This is a blog to discuss philosophy, chess, politics,
C. S. Lewis, or whatever it is that I'm in the mood to discuss.
Funny that the linked page doesn't mention Kitzmiller v. Dover or the Wedge document. The linked page shows in detail how ID carefully distances itself from creationism, but it never addresses the question of whether ID is "creationism in disguise."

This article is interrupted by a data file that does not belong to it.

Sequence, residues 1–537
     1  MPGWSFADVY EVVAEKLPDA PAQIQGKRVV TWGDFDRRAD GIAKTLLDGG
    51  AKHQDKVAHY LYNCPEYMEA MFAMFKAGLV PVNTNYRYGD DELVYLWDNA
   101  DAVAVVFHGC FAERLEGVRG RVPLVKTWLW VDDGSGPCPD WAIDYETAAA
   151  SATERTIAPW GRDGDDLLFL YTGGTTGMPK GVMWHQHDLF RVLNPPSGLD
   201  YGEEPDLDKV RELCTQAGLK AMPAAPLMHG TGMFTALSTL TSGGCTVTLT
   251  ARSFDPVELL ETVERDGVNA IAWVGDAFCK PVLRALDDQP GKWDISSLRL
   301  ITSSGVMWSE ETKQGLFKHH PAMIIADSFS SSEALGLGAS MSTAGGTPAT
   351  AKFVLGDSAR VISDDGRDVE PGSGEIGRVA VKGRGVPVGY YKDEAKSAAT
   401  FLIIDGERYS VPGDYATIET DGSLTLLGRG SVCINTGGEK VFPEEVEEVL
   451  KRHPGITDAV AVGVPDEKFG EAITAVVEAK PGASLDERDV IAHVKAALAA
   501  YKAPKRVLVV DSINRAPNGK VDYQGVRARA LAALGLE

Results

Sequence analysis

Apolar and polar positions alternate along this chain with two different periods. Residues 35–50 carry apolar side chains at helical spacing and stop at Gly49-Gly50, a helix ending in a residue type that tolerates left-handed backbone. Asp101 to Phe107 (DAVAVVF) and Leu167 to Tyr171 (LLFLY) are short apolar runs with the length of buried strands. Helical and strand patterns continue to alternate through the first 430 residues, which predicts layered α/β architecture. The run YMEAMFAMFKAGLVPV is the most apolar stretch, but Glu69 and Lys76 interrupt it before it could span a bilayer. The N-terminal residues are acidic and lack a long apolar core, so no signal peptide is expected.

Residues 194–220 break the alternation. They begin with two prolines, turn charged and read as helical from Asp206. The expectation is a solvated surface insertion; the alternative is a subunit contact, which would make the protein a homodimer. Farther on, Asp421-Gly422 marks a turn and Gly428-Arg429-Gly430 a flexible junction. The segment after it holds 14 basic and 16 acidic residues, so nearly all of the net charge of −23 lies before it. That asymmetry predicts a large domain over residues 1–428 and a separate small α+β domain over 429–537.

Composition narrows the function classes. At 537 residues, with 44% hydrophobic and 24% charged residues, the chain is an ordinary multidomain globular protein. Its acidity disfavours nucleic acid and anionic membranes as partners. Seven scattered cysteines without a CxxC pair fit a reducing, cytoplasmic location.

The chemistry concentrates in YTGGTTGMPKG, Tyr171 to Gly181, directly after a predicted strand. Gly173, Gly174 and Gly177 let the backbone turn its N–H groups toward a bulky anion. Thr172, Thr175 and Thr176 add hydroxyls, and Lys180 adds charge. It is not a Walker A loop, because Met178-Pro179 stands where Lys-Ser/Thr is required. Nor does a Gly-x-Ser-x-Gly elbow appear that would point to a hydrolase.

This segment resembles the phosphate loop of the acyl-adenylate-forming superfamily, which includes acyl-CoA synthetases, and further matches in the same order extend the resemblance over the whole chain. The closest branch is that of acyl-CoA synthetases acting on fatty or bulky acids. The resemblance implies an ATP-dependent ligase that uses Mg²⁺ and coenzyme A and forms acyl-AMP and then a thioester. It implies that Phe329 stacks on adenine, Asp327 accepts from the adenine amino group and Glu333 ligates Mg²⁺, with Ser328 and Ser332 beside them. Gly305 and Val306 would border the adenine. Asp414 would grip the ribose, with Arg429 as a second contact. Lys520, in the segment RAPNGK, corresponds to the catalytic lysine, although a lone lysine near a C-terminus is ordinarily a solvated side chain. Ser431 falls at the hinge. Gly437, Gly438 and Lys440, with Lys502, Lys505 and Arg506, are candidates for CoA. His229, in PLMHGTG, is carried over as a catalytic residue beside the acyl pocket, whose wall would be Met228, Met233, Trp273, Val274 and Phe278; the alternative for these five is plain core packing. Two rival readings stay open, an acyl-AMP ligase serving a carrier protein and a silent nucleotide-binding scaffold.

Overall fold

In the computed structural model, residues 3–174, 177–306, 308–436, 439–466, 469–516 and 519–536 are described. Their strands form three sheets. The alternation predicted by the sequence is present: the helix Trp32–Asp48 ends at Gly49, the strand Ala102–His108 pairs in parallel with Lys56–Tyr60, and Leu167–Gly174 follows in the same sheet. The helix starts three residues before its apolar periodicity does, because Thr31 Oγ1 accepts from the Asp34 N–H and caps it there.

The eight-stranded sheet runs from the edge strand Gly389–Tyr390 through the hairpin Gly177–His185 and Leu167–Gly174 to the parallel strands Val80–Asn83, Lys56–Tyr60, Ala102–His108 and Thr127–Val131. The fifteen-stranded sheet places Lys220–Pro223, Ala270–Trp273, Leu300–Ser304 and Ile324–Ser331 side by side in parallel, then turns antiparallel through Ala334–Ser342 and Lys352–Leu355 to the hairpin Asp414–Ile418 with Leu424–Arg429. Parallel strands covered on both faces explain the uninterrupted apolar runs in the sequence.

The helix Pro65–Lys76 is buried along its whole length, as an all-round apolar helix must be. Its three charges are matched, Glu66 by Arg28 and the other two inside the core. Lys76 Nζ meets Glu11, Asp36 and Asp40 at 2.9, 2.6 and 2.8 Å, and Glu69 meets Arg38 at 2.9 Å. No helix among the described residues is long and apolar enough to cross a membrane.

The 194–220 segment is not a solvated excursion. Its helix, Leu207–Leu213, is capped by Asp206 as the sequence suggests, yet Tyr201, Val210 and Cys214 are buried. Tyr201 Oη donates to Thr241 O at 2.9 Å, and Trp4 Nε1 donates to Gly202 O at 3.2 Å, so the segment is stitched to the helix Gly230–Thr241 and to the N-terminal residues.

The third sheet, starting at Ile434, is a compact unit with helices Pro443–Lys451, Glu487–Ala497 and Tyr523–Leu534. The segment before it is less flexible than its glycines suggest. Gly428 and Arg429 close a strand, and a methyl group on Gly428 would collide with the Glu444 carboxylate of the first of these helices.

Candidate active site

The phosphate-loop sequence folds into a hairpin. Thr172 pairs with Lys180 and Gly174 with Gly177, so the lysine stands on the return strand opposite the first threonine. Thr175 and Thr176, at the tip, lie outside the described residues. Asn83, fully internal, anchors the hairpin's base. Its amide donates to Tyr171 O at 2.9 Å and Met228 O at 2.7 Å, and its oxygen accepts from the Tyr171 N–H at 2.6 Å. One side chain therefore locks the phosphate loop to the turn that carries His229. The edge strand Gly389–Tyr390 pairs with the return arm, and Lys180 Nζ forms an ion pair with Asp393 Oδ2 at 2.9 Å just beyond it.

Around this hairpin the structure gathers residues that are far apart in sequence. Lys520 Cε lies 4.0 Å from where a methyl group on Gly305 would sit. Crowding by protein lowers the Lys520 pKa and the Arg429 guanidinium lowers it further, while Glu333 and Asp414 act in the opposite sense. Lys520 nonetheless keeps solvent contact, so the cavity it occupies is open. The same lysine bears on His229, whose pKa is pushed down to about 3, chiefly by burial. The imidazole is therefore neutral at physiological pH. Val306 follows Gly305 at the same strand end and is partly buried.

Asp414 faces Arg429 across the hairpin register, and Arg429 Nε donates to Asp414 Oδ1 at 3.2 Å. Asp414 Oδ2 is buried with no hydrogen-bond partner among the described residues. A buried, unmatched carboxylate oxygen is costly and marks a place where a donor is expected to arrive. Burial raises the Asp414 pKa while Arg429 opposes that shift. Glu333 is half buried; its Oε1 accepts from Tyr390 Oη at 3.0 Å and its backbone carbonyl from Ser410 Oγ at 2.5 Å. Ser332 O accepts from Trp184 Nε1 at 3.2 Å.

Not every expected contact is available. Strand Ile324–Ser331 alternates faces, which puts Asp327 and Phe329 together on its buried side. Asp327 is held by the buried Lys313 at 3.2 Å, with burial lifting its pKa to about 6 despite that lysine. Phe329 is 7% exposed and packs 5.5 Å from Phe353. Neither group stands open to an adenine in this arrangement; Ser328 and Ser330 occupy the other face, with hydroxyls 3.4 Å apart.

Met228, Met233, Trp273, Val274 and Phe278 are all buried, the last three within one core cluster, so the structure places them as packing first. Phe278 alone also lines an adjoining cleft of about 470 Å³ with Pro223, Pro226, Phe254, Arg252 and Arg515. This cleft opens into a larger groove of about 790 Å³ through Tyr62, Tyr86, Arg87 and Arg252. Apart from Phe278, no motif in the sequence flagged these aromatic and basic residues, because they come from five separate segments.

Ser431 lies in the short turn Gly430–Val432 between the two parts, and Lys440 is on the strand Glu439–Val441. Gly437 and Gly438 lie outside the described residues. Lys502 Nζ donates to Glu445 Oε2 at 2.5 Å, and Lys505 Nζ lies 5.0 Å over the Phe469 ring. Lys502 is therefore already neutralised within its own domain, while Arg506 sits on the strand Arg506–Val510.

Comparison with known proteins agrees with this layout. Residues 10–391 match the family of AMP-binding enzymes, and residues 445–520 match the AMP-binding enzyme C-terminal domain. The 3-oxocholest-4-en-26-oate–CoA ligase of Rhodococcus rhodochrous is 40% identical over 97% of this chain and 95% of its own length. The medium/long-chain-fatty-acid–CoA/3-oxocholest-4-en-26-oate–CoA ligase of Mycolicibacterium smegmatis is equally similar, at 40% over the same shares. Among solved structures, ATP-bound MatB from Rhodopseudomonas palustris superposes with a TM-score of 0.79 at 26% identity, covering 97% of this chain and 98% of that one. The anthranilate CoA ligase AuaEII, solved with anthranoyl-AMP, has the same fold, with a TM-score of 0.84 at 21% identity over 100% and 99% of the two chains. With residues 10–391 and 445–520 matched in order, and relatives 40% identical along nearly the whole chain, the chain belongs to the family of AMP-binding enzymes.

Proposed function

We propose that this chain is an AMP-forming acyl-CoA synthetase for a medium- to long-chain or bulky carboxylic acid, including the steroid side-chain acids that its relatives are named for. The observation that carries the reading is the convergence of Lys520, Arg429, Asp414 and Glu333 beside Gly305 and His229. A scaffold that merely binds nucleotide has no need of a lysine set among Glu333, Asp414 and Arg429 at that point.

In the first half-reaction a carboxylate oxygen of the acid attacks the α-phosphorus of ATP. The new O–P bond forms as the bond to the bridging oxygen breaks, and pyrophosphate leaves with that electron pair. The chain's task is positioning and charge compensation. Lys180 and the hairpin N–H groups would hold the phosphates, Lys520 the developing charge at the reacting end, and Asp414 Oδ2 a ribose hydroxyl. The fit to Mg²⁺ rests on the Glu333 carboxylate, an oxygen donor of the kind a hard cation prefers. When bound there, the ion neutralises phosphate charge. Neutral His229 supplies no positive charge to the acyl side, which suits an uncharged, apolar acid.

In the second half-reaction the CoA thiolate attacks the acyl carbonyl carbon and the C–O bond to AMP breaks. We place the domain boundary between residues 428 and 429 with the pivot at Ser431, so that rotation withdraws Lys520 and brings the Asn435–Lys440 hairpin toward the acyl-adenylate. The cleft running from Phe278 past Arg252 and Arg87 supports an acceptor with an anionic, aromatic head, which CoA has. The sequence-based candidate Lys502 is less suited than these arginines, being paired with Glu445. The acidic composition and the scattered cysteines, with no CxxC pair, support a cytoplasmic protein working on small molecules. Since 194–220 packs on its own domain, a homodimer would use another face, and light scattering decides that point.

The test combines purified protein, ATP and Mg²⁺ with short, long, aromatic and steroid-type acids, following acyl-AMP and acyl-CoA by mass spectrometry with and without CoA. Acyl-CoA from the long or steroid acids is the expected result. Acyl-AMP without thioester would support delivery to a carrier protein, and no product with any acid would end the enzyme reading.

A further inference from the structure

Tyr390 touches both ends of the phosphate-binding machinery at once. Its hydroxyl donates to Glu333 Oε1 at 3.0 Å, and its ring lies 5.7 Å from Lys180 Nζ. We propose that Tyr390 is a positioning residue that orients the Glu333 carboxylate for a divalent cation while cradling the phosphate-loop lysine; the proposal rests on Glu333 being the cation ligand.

As I understand it, central to the argument in Kitzmiller was the claim that Of Pandas and People started out as a straightforwardly creationist textbook, and then was altered in response to Edwards v. Aguillard. But Edwards said that even though you can't teach creationism, you do some other things. We do not imply that a legislature could never require that scientific critiques of prevailing scientific theories be taught. . . . Teaching a variety of scientific theories about the origins of humankind to schoolchildren might be validly done with the clear secular intent of enhancing the effectiveness of science instruction.OK, so the court says "You can't teach out and out creationism, but you can do this," so someone alters a creationist text in order to do just this, and then Kitzmiller says that it's wrong to do "just this." This I don't understand.
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